Green energy can put the wind in Long Island’s sails

From the Editorial Board of NEWSDAY

Credit: Don Pollard. 

February 9, 2021 

Offshore wind is having a moment, and none too soon.

For years, it’s been clear that embracing green forms of energy like wind and solar is key to fighting climate change, which increasingly threatens our region. Now, with the auspicious alignment of recent developments, the winds of change are blowing mostly in the right direction.

Progress has been substantial, as far as it goes. There’s still lots to do. For all the plans announced by state officials, all the interest from offshore wind companies, and all the contracts signed, we still have to:

  • build the facilities to manufacture wind farm components,
  • improve port infrastructure in Brooklyn and Albany so those parts can be shipped,
  • construct the wind farms off Long Island and lay the cables to deliver the energy that will reduce our dependence on greenhouse gas-emitting fossil fuels,
  • set up training programs for workers who will maintain the farms, and
  • develop the maintenance hubs for those workers.

Delays will be inevitable. Perseverance and communication will be critical. If the permitting process can be responsibly streamlined to allow the consideration of local objections but not let them grind progress to a halt, do it. But baseless NIMBY concerns, like those raised by some Wainscott residents against the landing of an underground cable in that South Fork community, cannot be allowed to derail this fight that’s vital to the health of our region.

Gov. Andrew M. Cuomo set the stage with lofty goals: 9,000 megawatts of wind power by 2035 and a carbon-free electrical grid by 2040. With recent awards to Equinor of two more wind farms, generating 2,490 megawatts and joining three other farms already awarded, the state is nearly halfway to its target. Also announced: an agreement with Equinor to build the nation’s first manufacturing plant for offshore wind towers and transition pieces, at the Port of Albany, with finished components to be shipped down the Hudson River. Prompt completion would position New York as a manufacturing hub for the industry in the Northeast and bring hundreds of good-paying jobs and precious revenue, all of it eagerly sought by other states in the region. Stony Brook University and Farmingdale State College are developing flexible programs to train and certify offshore wind industry workers.

The Biden administration’s commitment to offshore wind and its appointment of Long Islander and former Cuomo aide Amanda Lefton to head the federal Bureau of Ocean Energy Management, the agency that oversees the development of offshore wind, are promising. BOEM under the Trump administration stymied offshore wind; now it likely will advance delayed environmental reviews and reconcile differences with New York over suitable offshore wind areas and get them leased.

There’s a lot at stake in the state’s overall green energy program, besides the juice capable of powering 6 million homes. Cuomo says it also will create more than 50,000 jobs and attract $29 billion in private investment. Good environmental policy is good economic policy, too.

Let’s keep moving forward, and keep the winds of change at our backs.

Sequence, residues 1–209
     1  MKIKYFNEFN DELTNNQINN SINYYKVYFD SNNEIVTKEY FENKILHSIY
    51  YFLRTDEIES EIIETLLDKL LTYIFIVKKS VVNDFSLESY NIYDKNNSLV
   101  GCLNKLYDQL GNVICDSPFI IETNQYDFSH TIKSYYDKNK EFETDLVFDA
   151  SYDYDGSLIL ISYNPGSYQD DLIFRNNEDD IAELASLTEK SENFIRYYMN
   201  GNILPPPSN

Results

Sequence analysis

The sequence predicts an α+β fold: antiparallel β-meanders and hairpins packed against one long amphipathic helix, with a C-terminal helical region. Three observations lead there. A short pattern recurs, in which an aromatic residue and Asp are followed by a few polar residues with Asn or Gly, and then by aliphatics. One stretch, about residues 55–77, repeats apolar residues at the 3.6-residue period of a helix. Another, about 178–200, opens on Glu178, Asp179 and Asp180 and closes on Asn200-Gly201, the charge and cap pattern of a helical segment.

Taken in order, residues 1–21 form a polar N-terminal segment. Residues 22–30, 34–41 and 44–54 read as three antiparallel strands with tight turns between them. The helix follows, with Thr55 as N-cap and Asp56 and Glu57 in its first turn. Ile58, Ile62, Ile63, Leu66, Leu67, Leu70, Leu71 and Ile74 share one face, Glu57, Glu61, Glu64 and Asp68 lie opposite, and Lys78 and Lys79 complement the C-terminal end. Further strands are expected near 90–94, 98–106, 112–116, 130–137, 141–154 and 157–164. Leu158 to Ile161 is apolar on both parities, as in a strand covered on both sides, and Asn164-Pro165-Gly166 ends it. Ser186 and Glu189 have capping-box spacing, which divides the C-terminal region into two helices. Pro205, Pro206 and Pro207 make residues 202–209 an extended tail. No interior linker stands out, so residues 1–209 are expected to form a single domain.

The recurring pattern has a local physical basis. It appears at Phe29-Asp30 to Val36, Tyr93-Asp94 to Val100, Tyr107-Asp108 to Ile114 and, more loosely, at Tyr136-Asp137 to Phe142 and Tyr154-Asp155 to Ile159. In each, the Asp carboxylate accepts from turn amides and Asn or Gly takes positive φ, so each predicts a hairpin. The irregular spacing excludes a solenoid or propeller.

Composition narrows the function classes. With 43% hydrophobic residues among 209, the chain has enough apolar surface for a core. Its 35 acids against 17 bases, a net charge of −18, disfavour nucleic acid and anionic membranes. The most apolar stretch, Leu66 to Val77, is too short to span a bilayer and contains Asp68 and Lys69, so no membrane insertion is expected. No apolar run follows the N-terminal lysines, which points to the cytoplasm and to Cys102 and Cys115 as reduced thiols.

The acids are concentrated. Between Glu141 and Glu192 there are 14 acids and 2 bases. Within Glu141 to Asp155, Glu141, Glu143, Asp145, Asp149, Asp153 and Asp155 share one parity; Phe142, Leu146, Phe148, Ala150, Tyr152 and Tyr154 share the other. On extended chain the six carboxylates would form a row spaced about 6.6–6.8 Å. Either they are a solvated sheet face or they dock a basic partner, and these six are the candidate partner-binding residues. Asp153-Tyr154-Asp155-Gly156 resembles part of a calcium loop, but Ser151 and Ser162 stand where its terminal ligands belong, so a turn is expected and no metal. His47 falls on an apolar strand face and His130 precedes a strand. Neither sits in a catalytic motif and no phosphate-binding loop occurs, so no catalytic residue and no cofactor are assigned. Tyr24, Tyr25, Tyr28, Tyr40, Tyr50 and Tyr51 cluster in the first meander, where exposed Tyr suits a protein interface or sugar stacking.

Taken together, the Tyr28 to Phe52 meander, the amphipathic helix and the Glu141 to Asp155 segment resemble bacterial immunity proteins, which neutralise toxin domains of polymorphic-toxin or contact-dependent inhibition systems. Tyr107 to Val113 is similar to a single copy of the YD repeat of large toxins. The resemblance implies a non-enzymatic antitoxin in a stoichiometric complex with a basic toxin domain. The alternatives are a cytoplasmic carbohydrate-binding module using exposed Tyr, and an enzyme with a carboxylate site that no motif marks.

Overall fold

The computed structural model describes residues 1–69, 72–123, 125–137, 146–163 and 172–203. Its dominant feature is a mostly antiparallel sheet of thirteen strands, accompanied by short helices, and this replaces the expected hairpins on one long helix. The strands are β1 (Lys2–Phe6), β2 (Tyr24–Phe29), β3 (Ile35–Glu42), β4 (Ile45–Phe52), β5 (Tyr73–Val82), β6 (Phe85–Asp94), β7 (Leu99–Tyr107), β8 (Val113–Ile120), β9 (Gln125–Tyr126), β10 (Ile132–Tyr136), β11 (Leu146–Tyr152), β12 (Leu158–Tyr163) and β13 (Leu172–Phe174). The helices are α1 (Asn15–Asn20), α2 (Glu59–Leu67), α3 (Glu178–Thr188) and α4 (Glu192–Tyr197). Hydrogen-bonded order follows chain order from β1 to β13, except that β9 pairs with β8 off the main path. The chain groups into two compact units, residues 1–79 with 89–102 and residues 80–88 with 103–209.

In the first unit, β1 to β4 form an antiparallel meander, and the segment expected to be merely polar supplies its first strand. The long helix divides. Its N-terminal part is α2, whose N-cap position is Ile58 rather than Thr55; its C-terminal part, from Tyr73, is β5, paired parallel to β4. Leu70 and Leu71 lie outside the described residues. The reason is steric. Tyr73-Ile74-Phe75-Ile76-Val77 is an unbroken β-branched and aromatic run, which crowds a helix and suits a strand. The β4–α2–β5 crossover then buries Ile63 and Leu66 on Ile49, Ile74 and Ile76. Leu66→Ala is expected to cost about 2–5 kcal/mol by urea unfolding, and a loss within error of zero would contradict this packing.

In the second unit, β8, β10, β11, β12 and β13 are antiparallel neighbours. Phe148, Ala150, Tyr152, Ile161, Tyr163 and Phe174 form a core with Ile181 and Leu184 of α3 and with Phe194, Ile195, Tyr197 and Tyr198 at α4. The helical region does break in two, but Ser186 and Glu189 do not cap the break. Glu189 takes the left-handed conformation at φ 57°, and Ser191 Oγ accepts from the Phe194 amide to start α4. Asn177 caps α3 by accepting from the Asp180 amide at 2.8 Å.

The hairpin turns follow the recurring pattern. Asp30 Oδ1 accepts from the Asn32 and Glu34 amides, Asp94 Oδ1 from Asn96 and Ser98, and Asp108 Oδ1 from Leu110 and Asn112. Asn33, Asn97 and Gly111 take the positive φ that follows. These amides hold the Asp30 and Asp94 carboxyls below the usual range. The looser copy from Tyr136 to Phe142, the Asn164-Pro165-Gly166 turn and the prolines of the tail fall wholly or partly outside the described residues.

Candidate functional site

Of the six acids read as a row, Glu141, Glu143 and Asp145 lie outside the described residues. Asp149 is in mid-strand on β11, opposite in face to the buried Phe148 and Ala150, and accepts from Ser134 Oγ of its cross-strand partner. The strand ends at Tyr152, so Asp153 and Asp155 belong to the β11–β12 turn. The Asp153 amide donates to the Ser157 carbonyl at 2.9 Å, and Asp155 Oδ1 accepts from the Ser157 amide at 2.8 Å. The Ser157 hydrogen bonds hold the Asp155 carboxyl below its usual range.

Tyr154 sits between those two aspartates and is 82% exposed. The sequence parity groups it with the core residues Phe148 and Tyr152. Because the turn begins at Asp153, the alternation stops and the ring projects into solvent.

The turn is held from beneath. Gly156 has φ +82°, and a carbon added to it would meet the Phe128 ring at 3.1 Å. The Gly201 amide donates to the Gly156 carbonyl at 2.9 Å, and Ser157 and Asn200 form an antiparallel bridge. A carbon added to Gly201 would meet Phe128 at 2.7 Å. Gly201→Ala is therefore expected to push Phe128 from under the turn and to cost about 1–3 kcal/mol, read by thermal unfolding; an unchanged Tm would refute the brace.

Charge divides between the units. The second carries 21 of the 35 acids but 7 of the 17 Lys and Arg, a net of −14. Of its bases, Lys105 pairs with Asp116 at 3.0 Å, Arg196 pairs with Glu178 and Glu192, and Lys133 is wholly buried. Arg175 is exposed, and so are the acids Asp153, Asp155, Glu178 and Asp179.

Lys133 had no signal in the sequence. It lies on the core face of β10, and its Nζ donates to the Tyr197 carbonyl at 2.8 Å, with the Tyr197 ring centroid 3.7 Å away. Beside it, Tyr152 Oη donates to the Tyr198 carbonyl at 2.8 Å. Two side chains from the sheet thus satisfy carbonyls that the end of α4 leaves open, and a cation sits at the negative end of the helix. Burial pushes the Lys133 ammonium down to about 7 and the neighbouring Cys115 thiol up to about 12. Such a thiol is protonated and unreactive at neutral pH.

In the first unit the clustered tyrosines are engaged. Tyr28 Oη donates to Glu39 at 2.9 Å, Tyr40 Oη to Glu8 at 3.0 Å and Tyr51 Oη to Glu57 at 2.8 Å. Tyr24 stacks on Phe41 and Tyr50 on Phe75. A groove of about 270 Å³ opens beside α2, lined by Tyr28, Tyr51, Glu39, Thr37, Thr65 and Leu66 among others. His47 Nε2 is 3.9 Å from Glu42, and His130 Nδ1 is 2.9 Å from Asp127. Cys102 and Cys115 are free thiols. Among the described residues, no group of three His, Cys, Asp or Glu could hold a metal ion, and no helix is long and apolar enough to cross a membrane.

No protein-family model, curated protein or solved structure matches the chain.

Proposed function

Union Labor for Offshore Wind

Submitted by Judith Weis:

Ørsted Works to Bring More Union Labor to Offshore Wind

November 20, 2020

Block Island wind farm. Image: Wikimedia commons

On Wednesday11/18/20, Danish energy company Ørsted joined with North America’s Building Trades Unions (formerly known as the AFL-CIO’s Building and Construction Trades Department) to create a program that trains wind energy workers in hopes of deploying more offshore wind along the East Coast.

In doing so, these groups have piloted a new way to create more carbon-free energy while also expanding job opportunities and training to workers in a rapidly growing sector of our economy. 

Why This Matters: Some labor unions haven’t always embraced a transition to a clean energy economy fearing that such a transition would wipe out high-paying jobs in existing energy and industrial sectors and replace them with lower-wage alternatives. Yet this program strives specifically to bring labor unions on board to help grow the nascent U.S. offshore wind industry. 

As it stands, the United States is lagging behind Europe and Asia in maximizing its offshore wind energy capacity. Europe has 22,000 megawatts of offshore wind capacity, Asia has 8,000, while the United States only has just over 40–it’s a chance to reduce emissions while creating jobs. 

A New Energy Sector: Ørsted operates a wind farm off Block Island — America’s first utility-scale offshore wind farm, and has also built a two-turbine project off the coast of Virginia. The Rhode Island project was built with union labor and served as a pilot for a more sweeping national agreement.

To expand this program, Ørsted and NABTU will select the necessary skills to create an offshore workforce as well as a training and certification program to prepare potential workers to construct new wind energy projects.

The United States has 15 active commercial leases for offshore wind farms. According to statistics from the America Wind Energy Association, if these farms were constructed, they could generate 30 gigawatts of electricity, create 83,000 jobs, and bring in 25 billion dollars in annual economic output over the next ten years.

Moreover, it’s important that Ørsted is working alongside labor unions to ensure fair wages and benefits. NABTU’s president supports the agreement, telling Reuters: “This will show how as we move and transform our energy production in North America, it can be done at middle-class wages and good benefits packages. Anything else is not acceptable.”